Student Spotlight: Rosa Burke

Rosa Burke is 17 years old and studies piano at Church Street School with Tereza Lee Kirkhum. She recently sat down with Director of Music Toby Wine for an informal interview.

TW: Tell me about your earliest musical experiences.

RB: My father always played Irish music in the house, and his brother gave me an Irish flute, so that was the first instrument I picked up, when I was seven. My father played lots of records but also played the guitar. His whole side of the family makes it their purpose to be musical.

TW: Were you taking lessons or just playing informally?

RB: No – the first time I took music lessons was about six months later, when I started playing violin, which I studied for about three years. Ultimately I just wanted to focus on piano. I had studied with (current Church Street School violin instructor) Rosi Hertlein when she was at the JCC (Jewish Community Center) on Staten Island. I also studied piano at Snug Harbor Cultural Center.

TW: When did you first come to Church Street School?

RB: When I was in fourth grade and at PS 150 nearby. I was still doing both piano and violin at the time. Richard Tschudy was my piano teacher.

TW: Your current teacher is Tereza Lee Kirkhum. When did you guys first meet?

RB: Last December (2014). I was taking lessons with (her husband) Danny Kirkhum, and he thought she would be a better fit for me.

TW: I remember – Danny came to me and told me how serious and advanced you were and that he thought you would get more out of working with Tereza, who could help you to focus on classical repertoire. I get the sense you two have built a great working relationship.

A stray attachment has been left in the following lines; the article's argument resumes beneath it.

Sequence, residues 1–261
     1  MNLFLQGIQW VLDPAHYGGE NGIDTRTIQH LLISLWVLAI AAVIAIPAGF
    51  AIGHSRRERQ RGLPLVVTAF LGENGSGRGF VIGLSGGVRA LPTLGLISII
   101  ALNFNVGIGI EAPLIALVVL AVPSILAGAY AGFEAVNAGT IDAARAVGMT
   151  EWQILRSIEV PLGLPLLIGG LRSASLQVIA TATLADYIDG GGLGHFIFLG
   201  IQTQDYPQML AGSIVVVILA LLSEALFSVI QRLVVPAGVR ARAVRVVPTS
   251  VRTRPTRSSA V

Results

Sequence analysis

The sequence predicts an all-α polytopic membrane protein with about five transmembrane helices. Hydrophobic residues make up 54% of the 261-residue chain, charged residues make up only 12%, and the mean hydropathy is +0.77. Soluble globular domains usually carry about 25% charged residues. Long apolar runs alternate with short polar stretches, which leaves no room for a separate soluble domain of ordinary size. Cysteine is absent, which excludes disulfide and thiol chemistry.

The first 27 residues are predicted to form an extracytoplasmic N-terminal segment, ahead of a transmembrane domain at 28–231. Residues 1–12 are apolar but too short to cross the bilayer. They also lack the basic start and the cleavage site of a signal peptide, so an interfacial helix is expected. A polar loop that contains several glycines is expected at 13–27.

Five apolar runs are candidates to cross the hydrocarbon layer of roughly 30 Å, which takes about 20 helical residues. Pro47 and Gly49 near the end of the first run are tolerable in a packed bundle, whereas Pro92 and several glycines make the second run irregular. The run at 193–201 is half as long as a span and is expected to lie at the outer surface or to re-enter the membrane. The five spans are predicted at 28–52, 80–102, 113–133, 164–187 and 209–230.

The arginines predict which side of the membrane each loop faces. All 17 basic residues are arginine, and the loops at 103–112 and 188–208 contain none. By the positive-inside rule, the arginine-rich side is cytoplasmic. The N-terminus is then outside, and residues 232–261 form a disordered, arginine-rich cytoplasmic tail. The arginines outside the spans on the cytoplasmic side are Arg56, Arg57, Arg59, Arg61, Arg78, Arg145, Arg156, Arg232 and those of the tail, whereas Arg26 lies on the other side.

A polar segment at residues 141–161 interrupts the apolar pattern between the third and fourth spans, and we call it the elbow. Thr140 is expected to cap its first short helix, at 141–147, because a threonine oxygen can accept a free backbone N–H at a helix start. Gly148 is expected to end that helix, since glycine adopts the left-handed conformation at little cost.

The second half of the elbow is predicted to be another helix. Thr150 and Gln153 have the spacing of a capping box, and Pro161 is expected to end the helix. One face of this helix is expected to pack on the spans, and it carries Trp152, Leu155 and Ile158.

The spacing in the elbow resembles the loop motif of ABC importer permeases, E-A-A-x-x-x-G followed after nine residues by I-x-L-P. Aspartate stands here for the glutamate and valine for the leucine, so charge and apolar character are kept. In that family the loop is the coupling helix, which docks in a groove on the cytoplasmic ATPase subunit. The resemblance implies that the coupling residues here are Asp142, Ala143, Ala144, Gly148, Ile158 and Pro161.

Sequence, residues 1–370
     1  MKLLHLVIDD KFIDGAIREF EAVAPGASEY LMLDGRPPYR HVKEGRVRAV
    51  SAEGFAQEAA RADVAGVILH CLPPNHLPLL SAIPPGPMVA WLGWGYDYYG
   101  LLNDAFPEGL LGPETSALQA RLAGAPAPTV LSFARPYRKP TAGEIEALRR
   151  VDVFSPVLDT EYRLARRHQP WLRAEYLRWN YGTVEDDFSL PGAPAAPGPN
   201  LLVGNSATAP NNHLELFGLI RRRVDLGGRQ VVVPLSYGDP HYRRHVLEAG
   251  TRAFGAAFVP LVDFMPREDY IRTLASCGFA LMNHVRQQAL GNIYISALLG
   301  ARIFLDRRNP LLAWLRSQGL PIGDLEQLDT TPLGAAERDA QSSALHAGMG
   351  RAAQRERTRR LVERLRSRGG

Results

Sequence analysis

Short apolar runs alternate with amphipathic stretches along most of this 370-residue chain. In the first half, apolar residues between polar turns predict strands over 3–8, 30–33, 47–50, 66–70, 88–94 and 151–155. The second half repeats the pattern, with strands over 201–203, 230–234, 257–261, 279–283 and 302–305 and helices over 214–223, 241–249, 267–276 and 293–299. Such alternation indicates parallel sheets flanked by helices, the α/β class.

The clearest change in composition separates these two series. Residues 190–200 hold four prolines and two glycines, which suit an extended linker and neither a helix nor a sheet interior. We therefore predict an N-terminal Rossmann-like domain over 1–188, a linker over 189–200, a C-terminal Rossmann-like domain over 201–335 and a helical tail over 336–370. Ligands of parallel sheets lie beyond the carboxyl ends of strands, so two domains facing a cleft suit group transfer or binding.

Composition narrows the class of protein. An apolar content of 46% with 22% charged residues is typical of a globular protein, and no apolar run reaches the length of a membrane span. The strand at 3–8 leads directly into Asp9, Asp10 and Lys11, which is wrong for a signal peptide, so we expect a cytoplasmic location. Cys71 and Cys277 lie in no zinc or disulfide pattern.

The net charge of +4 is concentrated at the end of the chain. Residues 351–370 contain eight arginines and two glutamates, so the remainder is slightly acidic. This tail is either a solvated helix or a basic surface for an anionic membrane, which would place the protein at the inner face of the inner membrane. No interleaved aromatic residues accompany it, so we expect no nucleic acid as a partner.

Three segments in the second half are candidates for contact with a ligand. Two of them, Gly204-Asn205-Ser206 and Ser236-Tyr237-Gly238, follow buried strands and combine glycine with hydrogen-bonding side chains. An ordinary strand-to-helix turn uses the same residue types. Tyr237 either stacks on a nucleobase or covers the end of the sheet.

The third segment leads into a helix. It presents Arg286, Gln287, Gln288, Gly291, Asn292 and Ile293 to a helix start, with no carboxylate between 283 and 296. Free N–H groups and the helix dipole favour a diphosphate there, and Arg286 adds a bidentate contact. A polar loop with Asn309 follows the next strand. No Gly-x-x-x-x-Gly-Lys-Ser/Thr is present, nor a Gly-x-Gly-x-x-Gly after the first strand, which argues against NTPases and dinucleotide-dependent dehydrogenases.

RB: It’s really good. She challenges me a lot, but she also recognizes that I have other things going on in my life aside from the piano. She tailors the lessons to how serious I want to be, not how serious she wants me to be.

TW: What are you musical goals at the moment? Are you considering going to conservatory or is this more of a hobby for you?

RB: I think to get into conservatory I might need more experience or have more time to prepare.

TW: I’ve heard you play! If you did want to go to conservatory I don’t think you’d have a lot of trouble getting in. No pressure, but you obviously have a lot of skill and overall commitment to music and it’s very impressive.

RB: Thank you.

TW: What are you working on with Tereza right now?

RB: She just gave me a Chopin Scherzo. I’m excited; she says it’s sarcastic…I can be too.

TW: What other things do you like to do aside from play the piano?

RB: I love taking my dogs to the beach. I have two shiba inus.

TW: What does music mean to you personally? What do you get out of it?

RB: Partially it’s just a way of being a part of my family, because we’re so musically oriented. When I went to visit them this summer (in Ireland) it was just about fitting in with them. They all love music and put it just one step below family (in terms of importance).

TW: Why do you think your family values music so much?

RB: Partially to uphold the Irish culture, but it’s also a whole way of being together. After dinner you can come together, so and so goes to the piano, the other cousin goes to the guitar. I remember my father singing and playing the guitar, playing Johnny Cash songs; that’s definitely one of my best memories.

TW: That’s a great answer and I couldn’t agree more. My dad showed me some of my first chords on guitar and we still get together and play all these years later.

My last question is a two-parter. First, what advice would you give a student at Church Street to help them get more out of their lessons?

RB: If you feel a strong interest, go for it, but pace yourself. Don’t leave yourself unable to use your arms (Rosa referring to a challenging bout of tendonitis)! Mostly though just go for it and pursue your passion.

TW: Part two of the question: what advice would you give to the parents of our students?

RB: Don’t comment on your child’s playing too much. I don’t really like being listened to when I practice. You can feel criticized or snooped on, or even like you’re being praised too much! I think it’s helpful to give them a lot of space.

TW: Those are all really great, really thoughtful answers. Thank you so much for taking the time to talk to me.

RB: Thanks for asking!

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